What documents do I need to apply for a divorce/dissolution?

Before we start any legal work on your behalf, we will need to first obtain proof of identification and proof of address from you.

Before proceeding with your application for divorce/dissolution, we will require the original copy of your marriage certificate (not photocopies). If this is not available, you will need to contact the office of the Registrar of Births, Deaths, Marriages and Civil Partnerships for the district in which you were married/entered into a civil partnership. Alternatively you may contact the Certificates Services section of the General Register Office. You will need to pay a fee to obtain a certified copy of your certificate.

I was married abroad. Does this matter?

If you have a foreign marriage certificate, we will need to obtain a certified translation. There will be an extra cost for this.

Are there any restrictions in respect of applying for a divorce/dissolution?

In order to obtain a divorce/dissolution, you must have been married or civilly partnered for a minimum of one year. If you have not been married or civilly partnered for this period, you may apply for a judicial separation. This is not the same a divorce/dissolution and will not enable you to remarry or enter another civil partnership.

In order to obtain a divorce/dissolution in this country there are certain requirements with regards to residence and domicile. If you and your spouse/civil partner are not habitually resident in England and Wales, or you have not been habitually resident in England and Wales for at least the preceding 12 months.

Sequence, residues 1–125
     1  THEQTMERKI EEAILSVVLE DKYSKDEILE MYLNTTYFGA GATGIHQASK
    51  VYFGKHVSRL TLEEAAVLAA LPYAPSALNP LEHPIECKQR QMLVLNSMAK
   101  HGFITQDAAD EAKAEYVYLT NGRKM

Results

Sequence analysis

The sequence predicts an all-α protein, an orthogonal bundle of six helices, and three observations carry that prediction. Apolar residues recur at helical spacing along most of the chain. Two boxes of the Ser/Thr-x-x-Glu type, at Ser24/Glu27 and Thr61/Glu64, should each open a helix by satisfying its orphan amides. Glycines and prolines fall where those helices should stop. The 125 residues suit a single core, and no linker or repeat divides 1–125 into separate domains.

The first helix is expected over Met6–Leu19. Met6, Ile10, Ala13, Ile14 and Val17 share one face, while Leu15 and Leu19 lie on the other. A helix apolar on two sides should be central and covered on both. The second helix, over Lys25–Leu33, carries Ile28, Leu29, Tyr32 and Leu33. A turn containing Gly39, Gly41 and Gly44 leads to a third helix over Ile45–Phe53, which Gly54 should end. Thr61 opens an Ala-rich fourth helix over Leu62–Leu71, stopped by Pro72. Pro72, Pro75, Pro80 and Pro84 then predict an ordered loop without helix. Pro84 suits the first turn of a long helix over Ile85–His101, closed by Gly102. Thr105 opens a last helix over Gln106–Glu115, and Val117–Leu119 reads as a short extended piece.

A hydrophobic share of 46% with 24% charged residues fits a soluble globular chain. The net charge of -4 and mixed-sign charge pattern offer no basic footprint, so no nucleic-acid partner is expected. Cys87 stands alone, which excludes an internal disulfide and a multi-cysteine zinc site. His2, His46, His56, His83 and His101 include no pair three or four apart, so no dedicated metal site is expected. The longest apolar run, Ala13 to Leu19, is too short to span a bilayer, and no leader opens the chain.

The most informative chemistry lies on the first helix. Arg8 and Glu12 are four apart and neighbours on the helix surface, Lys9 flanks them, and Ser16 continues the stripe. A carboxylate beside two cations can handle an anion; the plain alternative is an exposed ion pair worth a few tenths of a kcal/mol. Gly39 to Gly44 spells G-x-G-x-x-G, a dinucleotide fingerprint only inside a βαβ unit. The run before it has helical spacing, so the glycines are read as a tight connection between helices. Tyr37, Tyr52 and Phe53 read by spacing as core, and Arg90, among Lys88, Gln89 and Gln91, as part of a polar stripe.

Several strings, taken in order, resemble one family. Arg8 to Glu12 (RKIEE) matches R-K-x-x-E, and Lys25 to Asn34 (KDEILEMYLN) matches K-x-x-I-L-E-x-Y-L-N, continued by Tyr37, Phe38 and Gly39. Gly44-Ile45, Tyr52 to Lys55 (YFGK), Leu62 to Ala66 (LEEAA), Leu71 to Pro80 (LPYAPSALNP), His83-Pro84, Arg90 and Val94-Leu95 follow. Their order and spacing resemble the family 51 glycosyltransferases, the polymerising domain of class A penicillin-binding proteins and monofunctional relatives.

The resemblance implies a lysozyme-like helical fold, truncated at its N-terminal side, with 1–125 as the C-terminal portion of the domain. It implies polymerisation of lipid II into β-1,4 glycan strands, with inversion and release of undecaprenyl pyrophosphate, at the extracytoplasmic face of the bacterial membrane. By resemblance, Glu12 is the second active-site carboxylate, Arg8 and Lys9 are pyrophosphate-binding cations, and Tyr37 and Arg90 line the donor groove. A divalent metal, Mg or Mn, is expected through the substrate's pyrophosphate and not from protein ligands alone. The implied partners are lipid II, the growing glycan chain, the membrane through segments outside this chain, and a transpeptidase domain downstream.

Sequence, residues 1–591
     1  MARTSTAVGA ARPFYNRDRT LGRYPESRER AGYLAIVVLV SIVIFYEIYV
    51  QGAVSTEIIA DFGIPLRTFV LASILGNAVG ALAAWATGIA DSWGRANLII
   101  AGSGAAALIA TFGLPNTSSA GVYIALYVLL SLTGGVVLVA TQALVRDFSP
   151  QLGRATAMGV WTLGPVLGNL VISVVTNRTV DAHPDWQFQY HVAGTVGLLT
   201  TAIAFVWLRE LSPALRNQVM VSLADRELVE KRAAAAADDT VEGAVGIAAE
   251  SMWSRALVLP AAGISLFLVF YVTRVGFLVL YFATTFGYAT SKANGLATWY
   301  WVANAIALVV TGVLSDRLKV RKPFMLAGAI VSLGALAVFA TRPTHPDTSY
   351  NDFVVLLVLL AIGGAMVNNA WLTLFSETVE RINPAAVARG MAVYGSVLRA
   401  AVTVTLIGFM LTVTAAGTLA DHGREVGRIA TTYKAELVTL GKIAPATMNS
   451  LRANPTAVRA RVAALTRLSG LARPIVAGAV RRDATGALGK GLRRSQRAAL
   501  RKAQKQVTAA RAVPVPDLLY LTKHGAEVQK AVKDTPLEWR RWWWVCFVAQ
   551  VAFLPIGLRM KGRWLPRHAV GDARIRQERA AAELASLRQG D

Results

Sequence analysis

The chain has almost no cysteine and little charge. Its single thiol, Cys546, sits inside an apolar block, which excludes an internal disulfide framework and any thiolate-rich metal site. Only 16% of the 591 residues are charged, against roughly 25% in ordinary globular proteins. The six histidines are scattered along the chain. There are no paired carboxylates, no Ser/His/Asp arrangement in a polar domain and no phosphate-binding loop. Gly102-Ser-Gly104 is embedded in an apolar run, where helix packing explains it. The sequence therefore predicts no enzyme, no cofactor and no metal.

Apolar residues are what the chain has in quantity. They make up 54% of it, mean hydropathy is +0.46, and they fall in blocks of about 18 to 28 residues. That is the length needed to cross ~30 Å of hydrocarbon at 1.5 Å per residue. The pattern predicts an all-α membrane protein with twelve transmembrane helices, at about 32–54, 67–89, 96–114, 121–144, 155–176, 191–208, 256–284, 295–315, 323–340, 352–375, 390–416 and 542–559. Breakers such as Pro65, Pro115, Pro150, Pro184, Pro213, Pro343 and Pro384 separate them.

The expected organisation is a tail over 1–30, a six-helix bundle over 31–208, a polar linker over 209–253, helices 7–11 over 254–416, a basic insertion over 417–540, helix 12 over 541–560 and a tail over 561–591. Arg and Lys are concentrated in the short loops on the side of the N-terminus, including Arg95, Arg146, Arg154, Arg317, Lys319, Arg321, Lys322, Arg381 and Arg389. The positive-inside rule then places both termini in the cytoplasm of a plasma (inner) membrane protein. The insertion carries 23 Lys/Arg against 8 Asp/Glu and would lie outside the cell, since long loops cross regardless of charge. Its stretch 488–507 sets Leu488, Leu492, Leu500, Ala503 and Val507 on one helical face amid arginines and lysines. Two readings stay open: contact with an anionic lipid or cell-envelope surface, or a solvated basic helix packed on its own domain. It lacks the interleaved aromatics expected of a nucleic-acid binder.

I also had a religious marriage. Will this also be terminated once I am divorced?

Divorce proceedings may not terminate the religious part of your marriage. You should therefore contact the appropriate religious authority authorising your marriage to obtain advise on any extra steps that you might need to take.

On what basis can I get a divorce/dissolution?

In order to obtain a divorce/dissolution it is necessary to prove that your marriage has irretrievably broken down. To show this, one of the following five facts will be relied upon:

  • Adultery: Your spouse has committed adultery and you find it intolerable to continue living together. (NB – this ground is not available in respect of civil partnerships).
  • Unreasonable Behaviour. Your spouse/civil partner has behaved in such a way that you cannot reasonably be expected to live together.
  • Two-Year Separation with Consent. You have been separated for 2 years and your spouse/civil partner agrees to divorce/dissolution.
  • Five-Year Separation. You have been separated for 5 years.
  • Desertion. Your spouse/civil partner deserted you more than 2 years ago.

These facts will be explained to you to establish which one is relevant to your case. We will then draft the divorce/dissolution petition on your behalf.

Do I have to pay my own costs, can’t I claim my costs from my spouse?

You will have to pay your costs to us before we can commence work on your behalf. It is possible in certain circumstances to claim the costs in connection to the divorce/dissolution procedure back from your spouse. Provided that your spouse/civil partner does not dispute any claim that you make for costs, we can proceed with your divorce/dissolution on the fixed fee basis. However if your spouse/civil partner does not agree with your claim for costs then your divorce/dissolution becomes a contested matter. Contested divorces/dissolutions are charged at our hourly rate rather on a fixed fee basis.

Will the divorce/dissolution include sorting out matters relating to the house, finances and children?